The largest initial public offering (IPO) in global financial history broke records in Shanghai and Hong Kong, soaking up more than US$3 trillion from retail investors, setting off frenzied bids for the shares of Ant Group.
A record 19.05 trillion yuan (US$2.85 trillion) of bids were received from retail investors for Ant’s shares on Shanghai’s Star Market, exceeding the supply of shares by 870 times. In Hong Kong, 1.55 million retail investors, or about one-fifth of the city’s population, poured in HK$1.3 trillion (US$167.7 billion) for the shares when the book closed at noon on Friday, overbidding by 389 times, according to people familiar with the matter.
The locked-up sum is equivalent to more than half of the HK$2.46 trillion of money in circulation every day in the local financial system, based on end-August M1 data published by the Hong Kong Monetary Authority. The cash will remain frozen until November 5 when the stock begins trading.
Get the latest insights and analysis from our Global Impact newsletter on the big stories originating in China.
The IPO has already mopped up more money than the stock sale by Chinese bottled water producer Nongfu Spring’s HK$677.7 billion. The number of mom-and-pop investors in Ant Group will also exceed the record when 970,000 people submitted bids for the shares of the Industrial and Commercial Bank of China (ICBC) in 2006, according to stock exchange data.
“The offering is so hot that more than 1 million retail investors have sent their subscriptions,” said Louis Tse Ming-kwong, managing director of Hong Kong-based brokerage Wealthy Securities. “It is a historic moment for Hong Kong’s securities market.”
Retail investors submitted a record 19.05 trillion yuan (US$2.85 trillion) in subscription money for Ant’s share offering on the Star Market, a board of technology stocks in Shanghai. It amounted to 872 times oversubscription, the firm said in a Shanghai exchange filing late on Thursday.
Ant Group offered 1.67 billion shares each in Hong Kong and Shanghai to raise about US$34.5 billion, making it the world’s biggest IPO. Including a 15 per cent overallotment in each leg, the total size of the IPO will increase to US$39.67 billion.
Strong demand from individual investors in Hong Kong triggered a mechanism where the retail allocation is raised to a maximum of 10 per cent, from the initial 2.5 per cent. The institutional tranche was also multiple times oversubscribed and allocations were skewed towards existing shareholders, long-only institutional investors and sovereign wealth funds. The overall Hong Kong share sale swelled to US$19.8 billion post greenshoe.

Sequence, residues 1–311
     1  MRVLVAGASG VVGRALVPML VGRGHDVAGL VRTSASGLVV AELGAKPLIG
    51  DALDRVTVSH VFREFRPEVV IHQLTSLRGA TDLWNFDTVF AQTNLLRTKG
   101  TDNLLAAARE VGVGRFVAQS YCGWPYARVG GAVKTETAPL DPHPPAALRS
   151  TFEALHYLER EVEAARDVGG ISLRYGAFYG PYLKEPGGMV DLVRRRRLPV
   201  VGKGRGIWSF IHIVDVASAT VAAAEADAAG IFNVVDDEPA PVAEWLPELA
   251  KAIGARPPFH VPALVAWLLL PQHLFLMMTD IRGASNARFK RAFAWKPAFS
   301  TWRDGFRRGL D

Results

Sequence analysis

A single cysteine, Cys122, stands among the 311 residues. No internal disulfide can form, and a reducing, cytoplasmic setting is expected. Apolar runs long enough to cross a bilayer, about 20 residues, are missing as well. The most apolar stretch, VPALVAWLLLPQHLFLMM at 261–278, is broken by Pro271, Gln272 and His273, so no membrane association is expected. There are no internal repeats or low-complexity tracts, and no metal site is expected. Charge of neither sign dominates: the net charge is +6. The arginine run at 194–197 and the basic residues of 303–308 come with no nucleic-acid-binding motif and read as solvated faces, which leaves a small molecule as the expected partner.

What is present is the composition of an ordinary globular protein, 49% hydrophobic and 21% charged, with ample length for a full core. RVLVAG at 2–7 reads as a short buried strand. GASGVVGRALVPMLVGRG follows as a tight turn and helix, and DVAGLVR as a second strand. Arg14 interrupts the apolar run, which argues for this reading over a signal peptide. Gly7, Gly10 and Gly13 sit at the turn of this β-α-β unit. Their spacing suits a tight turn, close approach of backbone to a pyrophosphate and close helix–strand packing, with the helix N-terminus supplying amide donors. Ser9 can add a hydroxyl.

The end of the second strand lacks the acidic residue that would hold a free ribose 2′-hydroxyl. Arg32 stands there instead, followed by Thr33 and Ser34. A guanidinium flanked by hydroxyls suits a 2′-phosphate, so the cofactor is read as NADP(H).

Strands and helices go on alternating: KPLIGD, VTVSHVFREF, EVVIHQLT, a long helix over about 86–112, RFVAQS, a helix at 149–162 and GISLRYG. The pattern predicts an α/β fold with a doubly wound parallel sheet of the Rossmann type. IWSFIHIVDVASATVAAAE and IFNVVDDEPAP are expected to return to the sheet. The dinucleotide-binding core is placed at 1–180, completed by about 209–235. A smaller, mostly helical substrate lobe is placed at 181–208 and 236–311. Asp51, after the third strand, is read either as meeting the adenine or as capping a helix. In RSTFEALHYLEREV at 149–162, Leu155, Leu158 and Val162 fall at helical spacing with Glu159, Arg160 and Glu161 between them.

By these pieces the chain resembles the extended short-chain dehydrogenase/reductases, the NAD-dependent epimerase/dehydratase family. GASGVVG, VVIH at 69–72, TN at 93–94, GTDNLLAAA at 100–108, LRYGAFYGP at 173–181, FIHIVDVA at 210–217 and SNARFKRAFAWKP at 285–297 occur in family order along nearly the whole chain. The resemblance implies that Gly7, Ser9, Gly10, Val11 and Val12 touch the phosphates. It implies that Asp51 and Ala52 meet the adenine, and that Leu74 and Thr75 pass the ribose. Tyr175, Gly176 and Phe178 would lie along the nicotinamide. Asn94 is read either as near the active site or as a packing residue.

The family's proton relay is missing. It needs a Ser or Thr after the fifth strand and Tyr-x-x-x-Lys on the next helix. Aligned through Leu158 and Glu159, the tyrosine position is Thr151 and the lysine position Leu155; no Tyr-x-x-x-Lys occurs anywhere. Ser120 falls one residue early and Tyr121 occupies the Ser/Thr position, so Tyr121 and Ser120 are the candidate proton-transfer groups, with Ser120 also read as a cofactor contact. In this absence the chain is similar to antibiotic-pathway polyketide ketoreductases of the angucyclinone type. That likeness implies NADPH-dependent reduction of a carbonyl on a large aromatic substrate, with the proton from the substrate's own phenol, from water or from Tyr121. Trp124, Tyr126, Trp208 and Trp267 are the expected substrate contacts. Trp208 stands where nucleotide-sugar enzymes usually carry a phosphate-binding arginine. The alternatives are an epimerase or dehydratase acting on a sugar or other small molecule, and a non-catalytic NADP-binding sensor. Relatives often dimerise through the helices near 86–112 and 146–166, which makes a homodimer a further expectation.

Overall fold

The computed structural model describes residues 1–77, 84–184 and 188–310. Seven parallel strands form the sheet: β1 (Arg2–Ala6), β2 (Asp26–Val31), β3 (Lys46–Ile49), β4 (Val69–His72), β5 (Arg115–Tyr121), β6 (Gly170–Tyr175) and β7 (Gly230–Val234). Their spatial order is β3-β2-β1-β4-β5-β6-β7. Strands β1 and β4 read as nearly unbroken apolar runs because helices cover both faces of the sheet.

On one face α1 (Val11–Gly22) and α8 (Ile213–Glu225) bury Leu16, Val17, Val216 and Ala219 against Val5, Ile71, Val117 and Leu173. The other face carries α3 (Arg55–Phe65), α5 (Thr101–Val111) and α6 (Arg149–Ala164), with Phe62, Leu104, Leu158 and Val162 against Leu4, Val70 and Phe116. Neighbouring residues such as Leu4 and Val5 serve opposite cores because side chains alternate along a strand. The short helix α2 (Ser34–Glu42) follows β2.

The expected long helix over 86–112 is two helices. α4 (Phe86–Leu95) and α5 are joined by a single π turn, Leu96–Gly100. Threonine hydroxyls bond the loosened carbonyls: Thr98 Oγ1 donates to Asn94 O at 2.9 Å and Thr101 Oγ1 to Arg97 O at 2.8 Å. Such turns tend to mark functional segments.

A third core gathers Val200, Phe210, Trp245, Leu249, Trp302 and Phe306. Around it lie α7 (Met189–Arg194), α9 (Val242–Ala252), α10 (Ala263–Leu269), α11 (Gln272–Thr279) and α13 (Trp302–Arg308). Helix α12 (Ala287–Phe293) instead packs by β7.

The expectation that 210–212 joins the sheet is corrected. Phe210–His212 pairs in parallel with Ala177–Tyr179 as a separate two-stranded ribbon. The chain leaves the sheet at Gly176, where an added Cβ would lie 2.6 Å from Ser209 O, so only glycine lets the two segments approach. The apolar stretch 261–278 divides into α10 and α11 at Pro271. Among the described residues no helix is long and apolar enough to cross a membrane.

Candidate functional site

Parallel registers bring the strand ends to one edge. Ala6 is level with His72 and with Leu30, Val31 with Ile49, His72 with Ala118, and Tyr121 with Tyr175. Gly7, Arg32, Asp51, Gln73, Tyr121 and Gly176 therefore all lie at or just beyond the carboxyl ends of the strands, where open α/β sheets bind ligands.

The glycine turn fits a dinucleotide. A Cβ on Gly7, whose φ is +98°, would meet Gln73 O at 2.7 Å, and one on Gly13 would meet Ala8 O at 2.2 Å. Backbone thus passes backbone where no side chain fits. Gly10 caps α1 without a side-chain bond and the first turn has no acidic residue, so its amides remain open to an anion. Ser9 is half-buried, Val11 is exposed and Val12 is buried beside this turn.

Investors are buying the shares as the valuation is deemed cheaper than overseas payment companies, said Hong Kong Securities Association chairman Gordon Tsui. Ant is the operator of Alipay and an affiliate of Alibaba Group Holding which owns this newspaper.
“Investors believe in the future economic and technological growth of mainland China,” Tse of Wealthy Securities said. “There is an increasing number of people using digital payment. Ant may have more upside room to go if it expands Alipay to overseas markets.”
Ant Group began taking orders from retail investors in Hong Kong from Tuesday. HSBC, Bank of China (Hong Kong), other retail banks and the city’s 600-odd brokerages have made available as much as HK$500 billion of margin financing loans to help investors fund their subscription, more than double the capacity for Nongfu Spring’s IPO.
“We have seen record levels of IPO applications and IPO loan uptake for Ant Group,” HSBC said in a statement. The lender set aside HK$150 billion of loans for its customers to subscribe to the shares at an interest rate of 0.48 per cent to 0.88 per cent.
How retail investors can increase their chances of getting a piece of Ant Group’s blockbuster IPO in Hong Kong
The frozen IPO liquidity, however, has not driven up local interest rates substantially, with the one-month interbank offered rate or Hibor rising to 0.48 per cent on Thursday from 0.13 per cent a week earlier. The current level is still lower than 2 per cent in March.
Part of the reason is the presence of hot money in the system. More than HK$383.51 billion has entered the local financial system since April, according to HKMA statistics, forcing it to intervene more than 85 times to keep the Hong Kong dollar from breaking the stronger end of its trading band.
The inflows pushed the aggregate balance, or the amount of cash sloshing in the banking system, to a record HK$457.46 billion on Friday, or more than eight times the level before the HKMA’s currency-market intervention.
Additional reporting by Alison Tudor-Ackroyd
More from South China Morning Post: